Typhoid is a serious infection of the gut caused by Salmonella typhi bacteria usually acquired from the consumption of contaminated food or water.
It is a rare infection in Australia and uncommon in Australians travelling abroad.
The incubation period is 1-3 weeks.
Affected patients develop a fever, abdominal pain, splenomegaly, relative bradycardia and sometimes develop rose-coloured spots and generalised symptoms associated with septicaemia which may lead to death in untreated cases. Diarrhoea, nausea and vomiting are uncommon. Some become permanent carriers of the S.typhi bacteria.
Typhoid fever is a serious public health problem in many developing countries, predominantly affecting children (5-15 years). There are typically fewer than 150 cases of typhoid fever reported in Australia each year, with most following travel to regions with endemic disease.
According to the World Health Organization (WHO), there are 16 million to 33 million cases and 500,000 to 600,000 deaths from typhoid fever annually. One study estimated that 22 million cases and 216,000 related deaths occurred in 2000. 90% are estimated to occur in Asia.
The relative incidence (ie rate/100,000) varies immensely:
Southern Africa – 233
South Central Asia – 622
South Eastern Asia – 110
Melanesia – 60
Eastern Africa – 39
Europe – 3
North America – <1
Australia/New Zealand – <1
Typhoid is an endemic illness in many third world countries (especially in the Indian Subcontinent, in S.E.Asia and much of Central and South America) and its incidence is under reported. It occurs mainly in rural areas with poor water and sanitation systems.
Drug resistance is becoming a great problem and in a patient returning from India S. typhi (see below) resistance to quinolones has to be presumed
Drug resistance to S.typhi is becoming more common and vaccination, especially for travellers to the Indian Subcontinent, is recommended even for short visits. Strains resistant to all three first-line antibiotics (ampicillin, chloramphenicol, and trimethoprim–sulfamethoxazole) accounted for 65% of isolates tested in Karachi.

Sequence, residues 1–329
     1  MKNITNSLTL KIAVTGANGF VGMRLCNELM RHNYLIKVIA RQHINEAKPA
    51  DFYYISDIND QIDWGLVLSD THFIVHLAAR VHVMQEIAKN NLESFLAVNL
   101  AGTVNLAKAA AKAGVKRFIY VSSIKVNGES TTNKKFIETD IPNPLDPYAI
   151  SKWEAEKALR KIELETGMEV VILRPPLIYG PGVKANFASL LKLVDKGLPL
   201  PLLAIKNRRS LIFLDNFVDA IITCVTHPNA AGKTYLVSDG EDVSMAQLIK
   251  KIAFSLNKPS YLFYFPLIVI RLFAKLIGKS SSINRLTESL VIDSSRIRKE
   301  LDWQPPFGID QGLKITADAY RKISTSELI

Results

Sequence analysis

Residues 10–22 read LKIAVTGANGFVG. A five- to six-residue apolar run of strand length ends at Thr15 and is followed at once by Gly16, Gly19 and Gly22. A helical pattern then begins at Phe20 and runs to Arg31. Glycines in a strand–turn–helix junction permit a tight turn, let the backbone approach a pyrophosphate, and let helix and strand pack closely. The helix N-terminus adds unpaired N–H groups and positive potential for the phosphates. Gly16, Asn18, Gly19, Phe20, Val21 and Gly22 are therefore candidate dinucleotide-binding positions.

Only China and Vietnam have incorporated typhoid vaccination into their routine immunisation programs.
Less than 85 cases are notified in Australia each year, but typhoid is a frequent risk to Australians travelling to Third World countries. Those with decreased gastric acid are at increased risk.
Enteric fever is a septicaemic syndrome characterised by a progressively rising fever, malaise, headache, abdominal pain and ‘rose spots’, relative bradycardia, splenomegaly and leucopenia. Diarrhoea is uncommon and occurs late in the illness.
Typical enteric fever is typically caused by S.typhii, but in some studies, a majority of cases are caused by S.paratyphi A. However, enterocolitis may be caused by any of the 1400 group 1 serotypes of Salmonellae.
The two vaccines commonly used in Australia are:
– an oral live-attenuated-bacteria vaccine, Vivotif Oral, taken in 3 (or 4) doses, and
– an injectable purified Vi polysaccharides of the S.Typhi strain Ty2 (Typherix, Typhim Vi) each given as a single 0.5ml IM injection.
Both vaccines are very safe (serious side effects occur in 1.4/100,000 vaccines given) and provide immunity for at least three years. Indicated in those >2 years. Boosters recommended after three years.
Vivotif Oral (CSL), given in a course of 3 or 4 doses, has replaced Typh-Vax which has been unavailable in recent years. It should not be taken with antibiotics and should be taken well before any antimalarials.
Injectable typhoid vaccine is also available in combination with hepatitis A vaccine (Vivaxim).
The use of typhoid vaccines, especially in large-scale immunisation programs, is discussed in a WHO position paper. They do not protect against paratyphoid fever.
Scientists have found a variant of a gene that confers a near five-fold protection against typhoid fever, which kills millions of people each year. New vaccines coming???
Typhoid fever is thought to have contributed to epidemics of massive loss of live since ancient Greece. Sometimes described as dysentery, especially during times of war, typhoid has been blamed for thousands of deaths in the American Civil War and the Spanish-American War. The first vaccine was developed by Almroth Edward Wright in 1896 and used to protect British troops in the Boer War.
The chlorination of water supplies was introduced in 1908 and antibiotics were first used to treat typhoid in 1942.